What is the Prognosis of Myxofibrosarcoma? (Outcomes/Resolutions)
- Myxofibrosarcoma is a malignant tumor that can display local aggression and metastatic behavior. In general, the 5 year survival rate is about 60% to 70%
- The prognosis depends on a combination of factors including:
- Age of the individual
- Grade of the tumor: A higher grade means a greater chance of metastasis and a poorer prognosis
- Tumor stage at detection
- Tumor size and location
- Individual’s response to therapy
- Tumors that are small in size and at easily accessible locations generally have a good prognosis on complete surgical excision and removal. Late detection of tumors may present with metastasis, which can adversely affect the prognosis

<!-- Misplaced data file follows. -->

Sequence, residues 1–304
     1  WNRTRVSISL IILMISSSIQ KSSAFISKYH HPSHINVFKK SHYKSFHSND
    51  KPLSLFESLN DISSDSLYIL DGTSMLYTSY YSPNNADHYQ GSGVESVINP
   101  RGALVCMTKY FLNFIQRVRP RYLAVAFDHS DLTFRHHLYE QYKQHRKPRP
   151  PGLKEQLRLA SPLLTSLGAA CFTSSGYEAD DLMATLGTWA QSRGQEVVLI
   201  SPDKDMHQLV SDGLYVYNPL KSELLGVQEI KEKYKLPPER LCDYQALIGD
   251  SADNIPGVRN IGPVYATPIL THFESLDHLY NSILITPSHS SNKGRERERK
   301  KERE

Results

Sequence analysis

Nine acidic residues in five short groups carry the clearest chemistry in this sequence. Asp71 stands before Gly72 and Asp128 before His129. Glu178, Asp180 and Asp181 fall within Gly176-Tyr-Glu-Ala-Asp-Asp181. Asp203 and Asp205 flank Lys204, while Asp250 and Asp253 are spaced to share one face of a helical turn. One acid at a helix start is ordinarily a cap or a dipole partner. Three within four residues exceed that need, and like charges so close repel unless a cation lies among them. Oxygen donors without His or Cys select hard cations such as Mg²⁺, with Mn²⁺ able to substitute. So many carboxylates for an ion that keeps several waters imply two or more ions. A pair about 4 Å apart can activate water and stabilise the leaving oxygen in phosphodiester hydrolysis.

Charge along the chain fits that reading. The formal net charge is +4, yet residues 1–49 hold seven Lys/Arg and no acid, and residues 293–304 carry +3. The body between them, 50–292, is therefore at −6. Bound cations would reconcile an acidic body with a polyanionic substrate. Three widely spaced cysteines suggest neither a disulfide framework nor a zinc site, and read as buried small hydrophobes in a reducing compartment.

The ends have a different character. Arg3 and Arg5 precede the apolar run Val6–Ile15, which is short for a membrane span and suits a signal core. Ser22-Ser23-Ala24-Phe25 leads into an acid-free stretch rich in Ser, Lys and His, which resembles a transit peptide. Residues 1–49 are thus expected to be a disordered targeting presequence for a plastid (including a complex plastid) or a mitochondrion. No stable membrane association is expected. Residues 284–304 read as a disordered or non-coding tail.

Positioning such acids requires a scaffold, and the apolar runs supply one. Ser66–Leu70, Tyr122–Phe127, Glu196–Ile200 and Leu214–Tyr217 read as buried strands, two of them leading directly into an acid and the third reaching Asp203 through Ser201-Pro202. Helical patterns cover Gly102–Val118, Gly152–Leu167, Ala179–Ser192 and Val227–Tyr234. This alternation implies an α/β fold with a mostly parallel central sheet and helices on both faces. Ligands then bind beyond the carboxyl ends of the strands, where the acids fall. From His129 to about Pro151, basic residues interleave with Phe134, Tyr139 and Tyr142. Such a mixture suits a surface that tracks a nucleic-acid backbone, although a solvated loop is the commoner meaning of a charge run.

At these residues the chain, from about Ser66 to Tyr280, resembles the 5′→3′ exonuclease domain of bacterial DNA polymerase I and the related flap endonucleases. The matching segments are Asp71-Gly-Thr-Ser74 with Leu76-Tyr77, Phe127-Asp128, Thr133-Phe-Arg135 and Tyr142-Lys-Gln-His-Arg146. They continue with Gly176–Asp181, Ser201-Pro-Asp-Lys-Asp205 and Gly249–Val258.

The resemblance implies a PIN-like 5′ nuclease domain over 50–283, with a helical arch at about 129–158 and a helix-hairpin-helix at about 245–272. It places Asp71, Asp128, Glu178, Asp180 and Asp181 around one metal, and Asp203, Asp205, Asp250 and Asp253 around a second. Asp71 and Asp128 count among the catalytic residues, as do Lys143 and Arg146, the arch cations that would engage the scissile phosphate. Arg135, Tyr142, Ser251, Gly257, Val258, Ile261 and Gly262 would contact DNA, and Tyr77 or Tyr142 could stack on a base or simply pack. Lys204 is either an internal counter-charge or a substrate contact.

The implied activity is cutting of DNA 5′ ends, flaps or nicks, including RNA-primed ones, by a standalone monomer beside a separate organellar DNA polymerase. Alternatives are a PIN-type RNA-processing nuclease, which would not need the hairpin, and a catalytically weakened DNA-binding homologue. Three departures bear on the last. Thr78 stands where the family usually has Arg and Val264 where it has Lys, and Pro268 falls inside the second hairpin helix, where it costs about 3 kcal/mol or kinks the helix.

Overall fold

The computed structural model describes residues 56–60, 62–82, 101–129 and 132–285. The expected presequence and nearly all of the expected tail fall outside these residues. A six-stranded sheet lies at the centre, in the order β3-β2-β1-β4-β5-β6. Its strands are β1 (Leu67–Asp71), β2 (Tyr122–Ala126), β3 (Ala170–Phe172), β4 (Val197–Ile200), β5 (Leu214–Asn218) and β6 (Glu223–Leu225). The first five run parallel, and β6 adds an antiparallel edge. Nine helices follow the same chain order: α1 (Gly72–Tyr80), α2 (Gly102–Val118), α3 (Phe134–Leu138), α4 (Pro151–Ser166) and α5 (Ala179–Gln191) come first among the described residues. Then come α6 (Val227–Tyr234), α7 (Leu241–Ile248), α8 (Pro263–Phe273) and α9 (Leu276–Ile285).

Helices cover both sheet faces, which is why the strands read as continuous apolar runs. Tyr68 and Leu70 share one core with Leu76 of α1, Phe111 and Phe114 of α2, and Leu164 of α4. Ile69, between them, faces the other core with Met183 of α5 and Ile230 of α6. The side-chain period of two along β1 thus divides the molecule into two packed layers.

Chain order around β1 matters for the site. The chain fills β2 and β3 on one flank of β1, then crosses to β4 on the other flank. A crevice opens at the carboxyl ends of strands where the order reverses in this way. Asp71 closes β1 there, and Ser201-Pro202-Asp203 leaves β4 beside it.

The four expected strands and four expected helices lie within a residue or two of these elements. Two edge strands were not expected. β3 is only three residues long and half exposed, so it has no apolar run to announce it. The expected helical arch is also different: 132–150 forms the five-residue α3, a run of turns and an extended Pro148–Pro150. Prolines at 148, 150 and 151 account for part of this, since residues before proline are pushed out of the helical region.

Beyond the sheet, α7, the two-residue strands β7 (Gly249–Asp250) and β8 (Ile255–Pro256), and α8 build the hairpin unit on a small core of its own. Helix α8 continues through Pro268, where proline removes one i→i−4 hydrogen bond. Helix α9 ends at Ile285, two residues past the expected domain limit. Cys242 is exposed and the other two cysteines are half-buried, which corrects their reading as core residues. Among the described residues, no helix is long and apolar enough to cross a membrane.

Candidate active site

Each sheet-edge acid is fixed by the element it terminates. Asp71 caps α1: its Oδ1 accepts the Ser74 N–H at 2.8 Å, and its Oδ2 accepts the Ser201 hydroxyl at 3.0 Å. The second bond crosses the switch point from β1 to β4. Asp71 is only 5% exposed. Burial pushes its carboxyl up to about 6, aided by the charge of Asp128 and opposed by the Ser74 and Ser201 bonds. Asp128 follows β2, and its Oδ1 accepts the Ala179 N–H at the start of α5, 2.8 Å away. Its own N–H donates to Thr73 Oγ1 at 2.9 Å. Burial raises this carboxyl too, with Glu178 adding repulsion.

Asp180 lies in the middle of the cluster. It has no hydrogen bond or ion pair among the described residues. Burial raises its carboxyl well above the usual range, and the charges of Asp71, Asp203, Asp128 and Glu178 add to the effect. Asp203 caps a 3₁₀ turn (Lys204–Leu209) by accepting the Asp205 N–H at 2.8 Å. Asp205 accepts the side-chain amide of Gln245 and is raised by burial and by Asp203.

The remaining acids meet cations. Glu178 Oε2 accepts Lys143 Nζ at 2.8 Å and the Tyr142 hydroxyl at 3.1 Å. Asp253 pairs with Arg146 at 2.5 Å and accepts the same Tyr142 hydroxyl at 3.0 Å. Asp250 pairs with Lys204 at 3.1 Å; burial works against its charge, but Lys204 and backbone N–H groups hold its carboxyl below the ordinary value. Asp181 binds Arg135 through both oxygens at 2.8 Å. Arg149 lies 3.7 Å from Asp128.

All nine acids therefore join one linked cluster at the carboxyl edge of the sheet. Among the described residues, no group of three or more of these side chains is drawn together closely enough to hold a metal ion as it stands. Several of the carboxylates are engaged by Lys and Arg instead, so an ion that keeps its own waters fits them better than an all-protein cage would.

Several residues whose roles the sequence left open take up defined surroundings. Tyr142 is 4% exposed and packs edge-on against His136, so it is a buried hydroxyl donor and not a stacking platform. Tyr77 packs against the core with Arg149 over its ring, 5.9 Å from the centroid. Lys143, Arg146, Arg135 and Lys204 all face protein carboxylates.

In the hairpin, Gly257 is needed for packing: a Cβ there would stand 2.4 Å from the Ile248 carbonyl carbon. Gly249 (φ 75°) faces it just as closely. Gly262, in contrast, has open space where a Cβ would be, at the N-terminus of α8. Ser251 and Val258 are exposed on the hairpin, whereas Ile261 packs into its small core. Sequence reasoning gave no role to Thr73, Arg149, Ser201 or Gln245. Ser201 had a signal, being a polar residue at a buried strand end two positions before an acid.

- If the tumor recurs within a year of surgical removal, then it is an indicator of poor prognosis with increased mortality rates. Nevertheless, if the tumor is confined to its site of origin, then a better prognosis may be ensured
- According to studies, the key indicators of outcome include tumor size and grade, and the presence of infiltrating margins
- Also, low-grade tumors may turn into high-grade tumors following treatment (removal), which can be associated with metastasis and consequently poorer outcomes
Additional and Relevant Useful Information for Myxofibrosarcoma:
- A majority of abdominal and retroperitoneal tumors which resemble Myxofibrosarcoma are actually dedifferentiated liposarcomas